Bear Stearns Profit Rises 8%, Beats Analysts' Forecasts
Bear Stearns , Wall Street's largest underwriter of mortgage-backed securities, said on Thursday first-quarter earnings rose 8%, despite a challenging environment in the subprime lending sector.
Bear Stearns said it earned $554 million, or $3.82 a share, for the three months ended February, up from $514 million, or $3.54 a share in the same quarter a year ago. Revenues rose 14% from the year-ago period to $2.5 billion.
Analysts surveyed by Thomson Financial predicted a profit of $3.80 a share on revenues of $2.49 billion.
Bear Stears said the recent meltdown in the subprime mortgage industry had a minor impact on its performance. It not only originates loans, but packages loans into securities and sells them to investors.
The New York-based company said that "residential mortgage-related revenue decreased from the prior year period, reflecting weakness in the U.S. residential mortgage-backed securities market."
However, it had little effect on its fixed-income business, where revenue rose 27% to $1.1 billion during the quarter. Revenue from equity sales and trading rose 3% to $513 million.
Revenue from investment banking grew 3% to $303 million, as strong stock underwriting and acquisition advisory business was offset somewhat by weakness in merchant banking. This has been one of the businesses the company has targeted for growth to take advantage of booming acquisition activity.
It said revenue from its capital markets segment rose 15% to $2 billion from $1.7 billion. It had a sharp increase in revenue from trading distressed debt, or debt of companies that have filed for or face the likelihood of bankruptcy. Trading in credit derivatives, which help investors protect themselves against swings in the value of debt, was also strong, Bear Stearns said.
"We are pleased with this excellent performance, revenues for the first quarter were up for every business segment," said Chairman and Chief Executive James E. Cayne in a statement. "Growing the company remains a core focus as we continue to invest in our domestic and international franchises with successful results."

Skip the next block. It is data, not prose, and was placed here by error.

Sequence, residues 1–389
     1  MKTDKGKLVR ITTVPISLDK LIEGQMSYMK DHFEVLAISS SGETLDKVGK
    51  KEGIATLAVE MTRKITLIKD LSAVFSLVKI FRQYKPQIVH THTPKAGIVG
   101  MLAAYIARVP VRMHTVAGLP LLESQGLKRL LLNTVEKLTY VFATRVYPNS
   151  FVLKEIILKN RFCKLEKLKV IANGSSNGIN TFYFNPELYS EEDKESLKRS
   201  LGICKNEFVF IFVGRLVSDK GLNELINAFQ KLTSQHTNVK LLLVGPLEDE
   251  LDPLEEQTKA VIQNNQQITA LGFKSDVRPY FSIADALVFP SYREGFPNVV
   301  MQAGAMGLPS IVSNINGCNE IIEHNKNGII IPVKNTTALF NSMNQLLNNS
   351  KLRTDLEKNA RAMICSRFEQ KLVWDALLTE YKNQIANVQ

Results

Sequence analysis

Bear Stearns is the third of the four big Wall Street firms to report earnings for their fiscal first quarter. Goldman Sachs and Lehman Brothers already reported strong numbers, while Morgan Stanley is expected to report on March 22.
Lehman on Wednesday said "weakness" in the mortgage market stemmed revenue growth, but did not see subprime problems spreading to other parts of its business. Goldman said it has limited risks in mortgages.
Concern about rising mortgage delinquencies from borrowers with risky credit histories has sent a ripple-effect through the entire banking industry. New Century Financial, which had been a major provider of loans to people with risky credit, said it has lost support from its financial backers and is being delisted from the NYSE.
Bear Stearns, along with UBS Securities, was ordered by Massachusetts Secretary of State William F. Galvin earlier this week to turn over documents concerning stock recommendations on subprime lenders. Galvin said upgrades to some mortgage lenders came as New Century, and others, began to hemorrhage.
Scott Coren, an analyst with Bear Stearns, upgraded New Century's stock to 'peer perform,' or hold, from 'underperform,' or sell, on March 1. The rating change came after the mortgage lender said it was restating past results because of accounting errors.
Bear Stearns said on Wednesday its analysts' research was mischaracterized as being 'upbeat,' and said it would cooperate with the inquiry.